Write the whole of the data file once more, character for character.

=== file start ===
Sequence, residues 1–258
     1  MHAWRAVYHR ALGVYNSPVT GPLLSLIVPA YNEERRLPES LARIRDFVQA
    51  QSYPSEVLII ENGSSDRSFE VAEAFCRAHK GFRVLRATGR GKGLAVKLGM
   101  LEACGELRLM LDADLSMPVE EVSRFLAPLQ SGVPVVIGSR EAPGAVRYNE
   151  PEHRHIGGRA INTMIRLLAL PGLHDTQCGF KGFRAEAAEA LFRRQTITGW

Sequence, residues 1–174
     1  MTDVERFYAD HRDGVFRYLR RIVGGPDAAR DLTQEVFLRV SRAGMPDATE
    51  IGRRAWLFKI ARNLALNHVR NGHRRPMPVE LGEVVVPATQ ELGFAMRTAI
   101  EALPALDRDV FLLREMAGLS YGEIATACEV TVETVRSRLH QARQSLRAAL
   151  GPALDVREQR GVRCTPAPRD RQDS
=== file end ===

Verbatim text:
Sequence, residues 1–258
     1  MHAWRAVYHR ALGVYNSPVT GPLLSLIVPA YNEERRLPES LARIRDFVQA
    51  QSYPSEVLII ENGSSDRSFE VAEAFCRAHK GFRVLRATGR GKGLAVKLGM
   101  LEACGELRLM LDADLSMPVE EVSRFLAPLQ SGVPVVIGSR EAPGAVRYNE
   151  PEHRHIGGRA INTMIRLLAL PGLHDTQCGF KGFRAEAAEA LFRRQTITGW

Sequence, residues 1–174
     1  MTDVERFYAD HRDGVFRYLR RIVGGPDAAR DLTQEVFLRV SRAGMPDATE
    51  IGRRAWLFKI ARNLALNHVR NGHRRPMPVE LGEVVVPATQ ELGFAMRTAI
   101  EALPALDRDV FLLREMAGLS YGEIATACEV TVETVRSRLH QARQSLRAAL
   151  GPALDVREQR GVRCTPAPRD RQDS